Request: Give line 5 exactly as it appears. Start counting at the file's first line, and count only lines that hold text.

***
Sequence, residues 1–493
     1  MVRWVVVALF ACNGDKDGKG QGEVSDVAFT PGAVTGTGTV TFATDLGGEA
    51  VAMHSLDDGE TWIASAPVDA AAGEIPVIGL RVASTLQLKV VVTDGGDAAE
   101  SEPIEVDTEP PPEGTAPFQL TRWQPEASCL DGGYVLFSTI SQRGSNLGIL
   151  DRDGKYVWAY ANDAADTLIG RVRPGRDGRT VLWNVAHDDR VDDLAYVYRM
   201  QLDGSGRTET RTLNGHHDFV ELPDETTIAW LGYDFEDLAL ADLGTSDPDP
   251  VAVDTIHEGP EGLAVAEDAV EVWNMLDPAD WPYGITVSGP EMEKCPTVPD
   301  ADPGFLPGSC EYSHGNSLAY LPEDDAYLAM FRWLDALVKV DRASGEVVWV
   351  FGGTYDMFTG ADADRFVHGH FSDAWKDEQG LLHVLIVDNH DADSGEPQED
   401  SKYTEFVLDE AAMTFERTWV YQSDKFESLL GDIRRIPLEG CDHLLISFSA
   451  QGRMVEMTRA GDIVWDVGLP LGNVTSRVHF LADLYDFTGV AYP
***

   151  DRDGKYVWAY ANDAADTLIG RVRPGRDGRT VLWNVAHDDR VDDLAYVYRM